Here’s the recipe for the Merlot sauce part of this dish,
This is the second time I’ve made this dish. The first was almost two years ago, when I made it for my dining companion’s birthday dinner. Part of her birthday present was that the steak would be just for her, not for The Project too. That meant I could just cook and serve without the awkward photo session in the kitchen that dishes for The Project require, and I didn’t have to be taking mental notes for a future blog post (but of course I couldn’t help myself). That first time this steak was absolutely fantastic, and I was looking forward to making it again to count it towards The Project.
In this dish filet-mignon is browned in a skillet, then finished in the oven, and served topped with a red wine sauce. The Merlot sauce starts by making a caramel, then dissolving vinegar in the boiling sugar. In another pan onions are softened in butter, and wine, veal stock or demi glace, are added and simmered. The mixture is seasoned, and the solids are strained out. The liquid is added to the caramel, and heated until it’s dissolved. The steaks are served drizzled with the sauce.
The Good: It’s filet mignon with a buttery wine and veal demi-glace sauce, it’s fantastic, if you have any love in your heart for red meat, you will like this dish. The caramel is the surprising part of the sauce, adding sweetness, but also a depth which compliments the browned meat. Filet mignon is all about the so-tender-it-shouldn’t-be-possible texture, and a rich sauce really enhances that. Since it’s a lean cut of meat, the buttery sauce doesn’t put it over the top. Demi-glace is a wonderful wonderful thing, everything it touches just gets better, enhancing flavours, smoothing textures, and bringing the whole sauce together.
The Bad: While the dish was delicious, the technique could have been improved. The steaks are seared in the pan, then roasted to finish cooking through. This builds up a good deal of delicious, wonderful, splendid, magical fond on the bottom of the pan. These browned bits are usually deglazed and used as part of a pan sauce, but this recipe commits the nearly unforgivable sin of just throwing all that goodness out. It also doesn’t ask for any juices that run from the steaks as they rest to be poured into the sauce. That’s just silly. By skipping these steps the sauce can be completely made in advance, which is convenient, but you end up throwing away what could have been the most flavorful part of the dish.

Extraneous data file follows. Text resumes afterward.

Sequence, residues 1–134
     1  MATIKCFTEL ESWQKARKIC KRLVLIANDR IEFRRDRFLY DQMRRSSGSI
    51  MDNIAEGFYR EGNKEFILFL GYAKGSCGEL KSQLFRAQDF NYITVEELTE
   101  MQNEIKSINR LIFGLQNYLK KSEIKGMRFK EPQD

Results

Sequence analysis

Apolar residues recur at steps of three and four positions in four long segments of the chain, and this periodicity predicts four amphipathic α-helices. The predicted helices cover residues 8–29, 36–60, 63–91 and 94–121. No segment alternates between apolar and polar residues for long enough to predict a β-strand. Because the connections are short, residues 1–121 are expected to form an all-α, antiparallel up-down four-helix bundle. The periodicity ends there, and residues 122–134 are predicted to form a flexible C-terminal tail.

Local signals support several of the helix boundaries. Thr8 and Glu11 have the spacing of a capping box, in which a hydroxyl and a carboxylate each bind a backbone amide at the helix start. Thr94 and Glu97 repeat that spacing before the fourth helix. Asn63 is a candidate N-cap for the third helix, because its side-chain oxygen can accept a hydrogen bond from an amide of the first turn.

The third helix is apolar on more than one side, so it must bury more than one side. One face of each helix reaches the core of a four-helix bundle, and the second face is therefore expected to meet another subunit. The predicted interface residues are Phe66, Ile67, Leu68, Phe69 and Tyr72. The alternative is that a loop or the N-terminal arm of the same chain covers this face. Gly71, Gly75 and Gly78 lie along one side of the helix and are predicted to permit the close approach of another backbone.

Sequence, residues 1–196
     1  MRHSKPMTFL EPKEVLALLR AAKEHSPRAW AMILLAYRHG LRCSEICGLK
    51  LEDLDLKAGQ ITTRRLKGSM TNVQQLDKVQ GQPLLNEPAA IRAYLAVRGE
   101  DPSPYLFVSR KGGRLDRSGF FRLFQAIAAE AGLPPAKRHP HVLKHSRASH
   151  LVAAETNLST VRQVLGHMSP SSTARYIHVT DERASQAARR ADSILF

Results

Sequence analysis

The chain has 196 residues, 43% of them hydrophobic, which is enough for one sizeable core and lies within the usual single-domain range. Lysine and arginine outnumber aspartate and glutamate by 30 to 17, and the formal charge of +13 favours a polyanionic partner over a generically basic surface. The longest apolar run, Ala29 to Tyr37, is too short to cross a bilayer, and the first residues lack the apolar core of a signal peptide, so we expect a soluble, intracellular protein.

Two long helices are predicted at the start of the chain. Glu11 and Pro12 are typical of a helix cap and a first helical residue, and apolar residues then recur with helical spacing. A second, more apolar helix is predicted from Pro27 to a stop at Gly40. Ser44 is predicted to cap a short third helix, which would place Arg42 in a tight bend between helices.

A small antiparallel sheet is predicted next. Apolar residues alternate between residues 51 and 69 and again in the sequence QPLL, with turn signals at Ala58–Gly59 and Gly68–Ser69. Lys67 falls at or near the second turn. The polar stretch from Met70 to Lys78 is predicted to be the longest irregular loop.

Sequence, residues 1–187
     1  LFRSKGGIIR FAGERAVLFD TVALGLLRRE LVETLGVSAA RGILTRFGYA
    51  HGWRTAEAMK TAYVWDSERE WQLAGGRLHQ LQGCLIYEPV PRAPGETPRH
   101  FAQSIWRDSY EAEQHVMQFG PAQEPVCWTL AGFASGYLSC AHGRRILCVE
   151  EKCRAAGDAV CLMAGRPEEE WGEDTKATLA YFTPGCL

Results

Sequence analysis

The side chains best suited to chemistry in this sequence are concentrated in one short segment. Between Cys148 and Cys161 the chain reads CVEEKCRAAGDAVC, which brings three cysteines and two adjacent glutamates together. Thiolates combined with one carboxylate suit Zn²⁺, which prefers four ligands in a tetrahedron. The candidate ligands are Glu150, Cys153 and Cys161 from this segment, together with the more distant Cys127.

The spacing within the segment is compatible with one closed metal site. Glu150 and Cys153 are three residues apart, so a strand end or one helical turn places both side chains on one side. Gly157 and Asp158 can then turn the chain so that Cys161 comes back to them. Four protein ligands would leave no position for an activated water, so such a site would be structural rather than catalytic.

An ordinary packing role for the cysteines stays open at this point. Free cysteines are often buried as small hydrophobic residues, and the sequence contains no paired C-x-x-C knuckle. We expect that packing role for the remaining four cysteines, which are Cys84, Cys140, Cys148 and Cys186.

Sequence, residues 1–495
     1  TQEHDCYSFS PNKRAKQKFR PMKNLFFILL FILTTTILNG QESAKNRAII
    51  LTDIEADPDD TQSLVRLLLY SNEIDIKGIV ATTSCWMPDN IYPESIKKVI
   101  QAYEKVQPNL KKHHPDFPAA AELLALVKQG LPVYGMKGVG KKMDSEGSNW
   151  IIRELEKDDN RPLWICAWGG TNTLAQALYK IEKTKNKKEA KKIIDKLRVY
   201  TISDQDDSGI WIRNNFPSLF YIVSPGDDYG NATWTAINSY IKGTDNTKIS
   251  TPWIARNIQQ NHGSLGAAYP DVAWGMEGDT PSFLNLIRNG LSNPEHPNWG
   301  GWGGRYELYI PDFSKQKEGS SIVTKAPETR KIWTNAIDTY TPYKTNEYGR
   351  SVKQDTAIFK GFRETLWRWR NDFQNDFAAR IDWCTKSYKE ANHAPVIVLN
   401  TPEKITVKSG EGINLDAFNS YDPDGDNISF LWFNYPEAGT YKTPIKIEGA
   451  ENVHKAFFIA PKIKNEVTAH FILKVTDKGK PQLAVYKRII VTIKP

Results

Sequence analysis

I made a mistake with these steaks and trusted my meat thermometer over my eyes and finger test. I was paranoid about over cooking the steaks (filet mignon overcooks quickly), so I took them out sooner than I should and counted on carryover to finish the job. I radically miscalculated and ended up serving them quite rare. I take my steak rare, and it was a little underdone for me, my dining companion prefers the medium side of medium rare, and it was just not going to happen for her. We were already sitting, and she didn’t want to wait to put it back in the oven, so she nuked it instead. A little part of me dies every time that happens, but it’s a good incentive to get the steaks right the first time.
The Verdict: These were delicious steaks, no question, I’d recommend them to anyone. I think there are a few tweaks that should be made, and it’s certainly not an inexpensive way to do dinner, but if you’re looking for an impressive but not overwhelming dish for a special occasion this is a pretty darn good way to go. The final taste is certainly 5 mushroom worthy, but the travesty of the wasted fond means that I can’t give it full marks.